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Roger Dooley
Twitter: rogerdooley
21. March 2011 at 6:33 am

I think the key is to use adjectives only where they will have a real impact. Describing a food item in sensory terms is good. But I see a lot of adjective padding where all it does is slow down the reader: “Our dedicated, well-trained employees work in state-of-the-art facilities using modern, efficient equipment…” While an occasional descriptor can help, often they are thrown in to cover for the lack of real content.

Roger

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Nick Wright 8. December 2011 at 1:17 pm

Hi

Excellent, balanced post on adjectives and adverbs in text. The golden rule I follow is make sure every word deserves its place. As an editor I usually cut about 25 percent of words from most text. As one person said once: “I don’t know what good style is, I just cross out every third word and rearrange the rest”.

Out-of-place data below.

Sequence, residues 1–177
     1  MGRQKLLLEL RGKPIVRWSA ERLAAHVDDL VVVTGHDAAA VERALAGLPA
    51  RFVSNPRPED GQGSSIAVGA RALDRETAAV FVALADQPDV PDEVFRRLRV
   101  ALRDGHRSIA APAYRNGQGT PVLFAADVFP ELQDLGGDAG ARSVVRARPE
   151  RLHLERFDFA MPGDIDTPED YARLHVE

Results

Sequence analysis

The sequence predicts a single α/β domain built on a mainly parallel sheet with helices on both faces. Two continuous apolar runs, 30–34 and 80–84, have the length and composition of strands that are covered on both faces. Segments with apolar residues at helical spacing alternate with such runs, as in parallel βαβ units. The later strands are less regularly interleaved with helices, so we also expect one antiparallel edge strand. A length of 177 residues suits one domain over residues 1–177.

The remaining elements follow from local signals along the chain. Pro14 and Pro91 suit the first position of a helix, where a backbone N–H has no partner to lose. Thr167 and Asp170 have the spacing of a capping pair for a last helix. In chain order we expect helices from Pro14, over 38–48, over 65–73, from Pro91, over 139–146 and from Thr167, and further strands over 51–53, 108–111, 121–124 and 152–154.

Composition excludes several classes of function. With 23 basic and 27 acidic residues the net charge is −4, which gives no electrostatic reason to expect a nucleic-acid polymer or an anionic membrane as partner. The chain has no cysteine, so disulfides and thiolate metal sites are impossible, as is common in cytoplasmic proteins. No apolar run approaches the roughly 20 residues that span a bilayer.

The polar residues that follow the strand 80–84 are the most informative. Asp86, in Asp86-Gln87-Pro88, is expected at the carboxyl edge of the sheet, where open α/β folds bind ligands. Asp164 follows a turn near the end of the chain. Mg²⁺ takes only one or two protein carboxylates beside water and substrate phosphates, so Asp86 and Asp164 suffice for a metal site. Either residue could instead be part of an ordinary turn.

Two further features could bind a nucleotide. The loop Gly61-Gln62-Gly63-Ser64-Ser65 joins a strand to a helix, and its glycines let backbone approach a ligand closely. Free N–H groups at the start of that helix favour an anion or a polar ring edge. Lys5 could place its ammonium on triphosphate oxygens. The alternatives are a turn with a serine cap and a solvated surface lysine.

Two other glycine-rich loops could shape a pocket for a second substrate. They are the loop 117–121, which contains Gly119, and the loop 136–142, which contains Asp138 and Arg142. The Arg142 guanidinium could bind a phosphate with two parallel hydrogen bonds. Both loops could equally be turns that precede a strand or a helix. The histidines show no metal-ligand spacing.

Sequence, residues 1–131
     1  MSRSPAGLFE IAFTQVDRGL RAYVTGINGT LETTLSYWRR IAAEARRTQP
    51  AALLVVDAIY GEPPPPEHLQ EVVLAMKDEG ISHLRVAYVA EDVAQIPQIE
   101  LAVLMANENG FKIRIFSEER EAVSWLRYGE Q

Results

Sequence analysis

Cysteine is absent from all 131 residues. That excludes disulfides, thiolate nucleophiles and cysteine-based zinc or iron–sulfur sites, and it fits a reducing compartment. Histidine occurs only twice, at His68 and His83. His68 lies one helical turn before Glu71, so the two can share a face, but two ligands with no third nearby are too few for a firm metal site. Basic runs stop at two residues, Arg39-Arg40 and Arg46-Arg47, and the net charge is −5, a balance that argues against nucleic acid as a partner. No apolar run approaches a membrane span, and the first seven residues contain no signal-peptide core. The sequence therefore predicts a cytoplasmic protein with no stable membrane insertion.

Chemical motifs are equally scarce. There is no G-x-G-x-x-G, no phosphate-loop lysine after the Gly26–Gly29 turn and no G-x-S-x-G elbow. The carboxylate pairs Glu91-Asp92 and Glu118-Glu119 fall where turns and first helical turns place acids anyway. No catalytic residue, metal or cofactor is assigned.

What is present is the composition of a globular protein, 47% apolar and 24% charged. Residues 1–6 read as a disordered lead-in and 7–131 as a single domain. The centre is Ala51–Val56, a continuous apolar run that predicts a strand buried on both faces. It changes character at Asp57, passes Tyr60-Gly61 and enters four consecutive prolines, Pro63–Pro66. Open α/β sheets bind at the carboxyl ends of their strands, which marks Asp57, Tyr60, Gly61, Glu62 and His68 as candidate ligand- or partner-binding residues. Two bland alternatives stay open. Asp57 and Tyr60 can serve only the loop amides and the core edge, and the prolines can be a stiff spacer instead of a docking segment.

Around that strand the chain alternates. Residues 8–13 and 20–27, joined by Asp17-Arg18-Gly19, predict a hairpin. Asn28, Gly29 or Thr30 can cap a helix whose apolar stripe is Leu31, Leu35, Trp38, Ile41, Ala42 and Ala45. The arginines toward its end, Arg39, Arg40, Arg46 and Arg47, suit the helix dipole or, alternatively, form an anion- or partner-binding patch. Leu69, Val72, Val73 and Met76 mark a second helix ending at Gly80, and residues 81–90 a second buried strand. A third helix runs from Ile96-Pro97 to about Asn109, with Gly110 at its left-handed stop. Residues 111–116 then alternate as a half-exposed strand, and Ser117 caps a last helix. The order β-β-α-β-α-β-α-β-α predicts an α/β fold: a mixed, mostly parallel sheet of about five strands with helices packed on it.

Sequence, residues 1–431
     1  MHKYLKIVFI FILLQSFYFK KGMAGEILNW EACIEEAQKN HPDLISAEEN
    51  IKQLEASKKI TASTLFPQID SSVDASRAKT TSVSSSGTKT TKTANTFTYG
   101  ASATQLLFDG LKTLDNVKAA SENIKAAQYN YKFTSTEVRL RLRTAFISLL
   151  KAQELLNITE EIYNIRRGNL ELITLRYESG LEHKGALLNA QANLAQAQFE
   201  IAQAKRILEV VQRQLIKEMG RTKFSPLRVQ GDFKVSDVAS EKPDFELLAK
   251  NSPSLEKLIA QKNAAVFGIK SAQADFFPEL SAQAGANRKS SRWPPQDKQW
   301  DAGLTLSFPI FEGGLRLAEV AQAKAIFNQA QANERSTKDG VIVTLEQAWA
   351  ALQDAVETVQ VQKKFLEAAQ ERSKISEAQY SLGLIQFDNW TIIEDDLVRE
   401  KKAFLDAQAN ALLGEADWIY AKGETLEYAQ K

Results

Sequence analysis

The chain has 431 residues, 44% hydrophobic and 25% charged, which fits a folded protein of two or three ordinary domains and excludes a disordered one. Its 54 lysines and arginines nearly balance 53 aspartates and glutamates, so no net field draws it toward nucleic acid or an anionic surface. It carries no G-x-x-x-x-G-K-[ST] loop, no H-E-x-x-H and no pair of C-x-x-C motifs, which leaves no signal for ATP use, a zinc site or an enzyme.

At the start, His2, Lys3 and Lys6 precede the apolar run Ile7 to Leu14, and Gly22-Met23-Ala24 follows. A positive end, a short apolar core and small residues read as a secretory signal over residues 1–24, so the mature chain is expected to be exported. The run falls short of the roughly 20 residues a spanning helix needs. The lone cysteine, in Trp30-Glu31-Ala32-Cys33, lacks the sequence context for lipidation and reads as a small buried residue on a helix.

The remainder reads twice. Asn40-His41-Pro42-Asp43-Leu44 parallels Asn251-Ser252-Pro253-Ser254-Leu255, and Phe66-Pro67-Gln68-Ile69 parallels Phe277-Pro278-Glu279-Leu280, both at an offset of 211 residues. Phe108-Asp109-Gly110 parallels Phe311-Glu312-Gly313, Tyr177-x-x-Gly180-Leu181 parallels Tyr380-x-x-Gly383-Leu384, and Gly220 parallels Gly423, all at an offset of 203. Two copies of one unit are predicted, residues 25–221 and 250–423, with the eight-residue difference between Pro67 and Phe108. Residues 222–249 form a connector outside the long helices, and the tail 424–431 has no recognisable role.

Adjectives and adverbs are high on the list of words to question. The worst offenders are those that add nothing to the text through overuse. Examples include ‘very’ ‘totally’, ‘completely’, ‘fully’ and so on. These I always cast my editor’s pen through. No one has ever noticed their absence from the final draft.

I have few problems with descriptive adjectives or adverbs. They can add life, color and specifics to nouns and verbs. The real problem stems from people using stale and clichéd adjectives and adverbs. If it’s predictable, then it’s likely to suffer from the editor’s pen.

We designed our copy-editing software, StyleWriter, to help people learn these editing skills. One feature of the program lets you add any word or phrase – including any stale adverbs or adjectives not already highlighted by the program.

If you want to see how it works, there’s a free trial at our website below.

Nick Wright
Editor Software
Mail: info@editorsoftware.com
Website: http://www.editorsoftware.com/
Blog: http://www.howtowriteclearly.co.uk/

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12 responses to "Adjective Power" — Your Turn